- Get the behemoth furnace down in the cellar cleaned and serviced
- Be sure that the oil has been delivered and the oil guy will come automatically to refill the 250 gallon tank a couple of times
- Stack the dry firewood, get some green wood delivered to be drying for the next year
- Decide about when to close the pool, traditionally done on Labor Day weekend. If you wait until later you can get in some nice warm Indian Summer swims, but then somebody (me) has to take one last chilly dip to get all the leaves out before putting the cover over the pool
- Decide when to take out window air conditioners, gambling on the weather staying cool
- Put the garden to bed: Plant bulbs, weed, mulch
- Rake the leaves
- Wash the windows one last time or spend the winter wishing you had
- Put the storm windows down and the screens up or off
- Make sure you have a good relationship with the plow guy and have a plowing schedule set up
- Be sure the snow shovels are in good order and available
- Get buckets of sand from the town sand pile to spread on icy walkways
- Visit that great farm in Deerfield to get squash, apples, pumpkins, mums, apple cider
- Make a straw man for the porch or use the summer's scarecrow
- Decorate the porches with pumpkins and mums
- Go to as many local fairs and farmer's markets as you can
- Freeze and can fruits and vegetables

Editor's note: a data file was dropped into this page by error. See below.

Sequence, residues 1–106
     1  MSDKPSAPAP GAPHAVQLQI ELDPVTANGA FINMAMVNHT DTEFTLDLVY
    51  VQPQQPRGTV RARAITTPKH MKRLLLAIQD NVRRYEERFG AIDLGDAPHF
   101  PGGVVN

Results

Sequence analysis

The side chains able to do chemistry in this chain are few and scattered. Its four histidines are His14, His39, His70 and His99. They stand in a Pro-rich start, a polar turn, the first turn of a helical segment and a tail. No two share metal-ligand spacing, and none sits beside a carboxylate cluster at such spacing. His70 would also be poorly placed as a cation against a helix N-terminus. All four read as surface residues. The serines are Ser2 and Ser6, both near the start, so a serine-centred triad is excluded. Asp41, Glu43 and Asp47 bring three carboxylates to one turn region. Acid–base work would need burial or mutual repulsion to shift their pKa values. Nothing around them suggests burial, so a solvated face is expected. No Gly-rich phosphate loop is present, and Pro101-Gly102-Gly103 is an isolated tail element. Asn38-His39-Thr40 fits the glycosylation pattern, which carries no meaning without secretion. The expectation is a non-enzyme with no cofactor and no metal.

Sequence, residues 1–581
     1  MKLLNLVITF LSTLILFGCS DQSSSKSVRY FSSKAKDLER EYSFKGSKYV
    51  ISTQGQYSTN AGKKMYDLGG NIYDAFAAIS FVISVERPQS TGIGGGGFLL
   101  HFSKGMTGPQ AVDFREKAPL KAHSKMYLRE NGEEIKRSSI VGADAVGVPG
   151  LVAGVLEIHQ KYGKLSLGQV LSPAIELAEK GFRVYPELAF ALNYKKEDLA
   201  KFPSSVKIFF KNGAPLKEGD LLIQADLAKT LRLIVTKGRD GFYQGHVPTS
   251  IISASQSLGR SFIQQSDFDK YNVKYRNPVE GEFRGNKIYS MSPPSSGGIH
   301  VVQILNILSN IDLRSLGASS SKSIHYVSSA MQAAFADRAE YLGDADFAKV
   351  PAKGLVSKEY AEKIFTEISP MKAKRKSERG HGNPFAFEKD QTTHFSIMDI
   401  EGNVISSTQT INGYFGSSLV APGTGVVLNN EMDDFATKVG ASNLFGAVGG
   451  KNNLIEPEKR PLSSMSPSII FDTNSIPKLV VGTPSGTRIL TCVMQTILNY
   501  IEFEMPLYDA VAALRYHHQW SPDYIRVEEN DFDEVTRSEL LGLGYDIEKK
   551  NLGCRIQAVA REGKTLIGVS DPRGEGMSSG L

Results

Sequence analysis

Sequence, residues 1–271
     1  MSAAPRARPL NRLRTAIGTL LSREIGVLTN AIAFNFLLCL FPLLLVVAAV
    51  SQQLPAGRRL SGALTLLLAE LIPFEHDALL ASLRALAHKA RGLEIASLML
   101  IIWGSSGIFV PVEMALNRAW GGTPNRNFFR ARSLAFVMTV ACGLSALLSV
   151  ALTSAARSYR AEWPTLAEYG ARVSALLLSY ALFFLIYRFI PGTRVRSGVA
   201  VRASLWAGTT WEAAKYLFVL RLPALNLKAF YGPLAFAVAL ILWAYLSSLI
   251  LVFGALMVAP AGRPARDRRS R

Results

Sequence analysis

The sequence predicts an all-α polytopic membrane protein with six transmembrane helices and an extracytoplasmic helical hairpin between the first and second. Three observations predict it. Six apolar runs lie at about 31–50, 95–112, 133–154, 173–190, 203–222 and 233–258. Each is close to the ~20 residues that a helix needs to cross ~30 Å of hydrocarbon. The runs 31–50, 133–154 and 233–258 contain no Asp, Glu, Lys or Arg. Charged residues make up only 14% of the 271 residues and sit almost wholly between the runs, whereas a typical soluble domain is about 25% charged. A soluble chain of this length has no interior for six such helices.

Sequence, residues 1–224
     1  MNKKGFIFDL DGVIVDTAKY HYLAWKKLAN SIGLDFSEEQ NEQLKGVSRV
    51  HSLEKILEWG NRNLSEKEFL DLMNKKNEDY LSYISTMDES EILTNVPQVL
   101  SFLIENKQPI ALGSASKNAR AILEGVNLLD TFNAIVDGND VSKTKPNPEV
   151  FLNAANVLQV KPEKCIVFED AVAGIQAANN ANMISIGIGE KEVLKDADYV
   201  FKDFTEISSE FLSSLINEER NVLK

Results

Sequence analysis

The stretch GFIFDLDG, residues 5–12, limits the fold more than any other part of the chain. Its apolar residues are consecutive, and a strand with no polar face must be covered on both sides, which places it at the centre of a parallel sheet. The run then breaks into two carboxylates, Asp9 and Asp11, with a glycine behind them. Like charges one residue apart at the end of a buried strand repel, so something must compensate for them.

- Grill outside a lot while you can
- Get ready to store deck and patio furniture before the first snow
- Have cars checked out for the winter—change window cleaner for non-freezing kind, put on snow tires
- Put emergency supplies in car: cat litter to shovel under the wheels when you're stuck on ice or in snow, shovel, blanket, flashlight
- Put away summer clothes, get out winter clothes, and hope you didn't do it too soon
The fall rush to get things done was always ended for us by the first hard frost. Then it was time for us arthritic types to hunker down by the fire and enjoy our quiet indoor winter pursuits by lamplight, leaving the skiing and snowshoeing and snowmobiling to the younger and more mobile folks.
Here are a couple of pictures of winter at our house in New Hampshire. The first one is of our VW Bug, buried in a single snowfall a few winters ago.Here in eastern New Mexico, on the other hand, I'm not really sure what the coming winter will be like. I do know that we will not be in for those six months of winter we endured every year in New Hampshire. I haven't noticed that our neighbors are doing much preparation, other than putting out some porch decorations of fake fall leaves. Personally, the only change I've made so far is to occasionally wear a long-sleeved shirt with my shorts on my early morning bike rides.
I am really loving these posts Claire. I feel as though I'm THERE sometimes.
I love the flavour of New Mexico and its history and art. I found the list of things to do before winter set in in New Hampshire a real education. When you have pretty much similar weather all year round, you don't understand the impact of winter.
June in Oz
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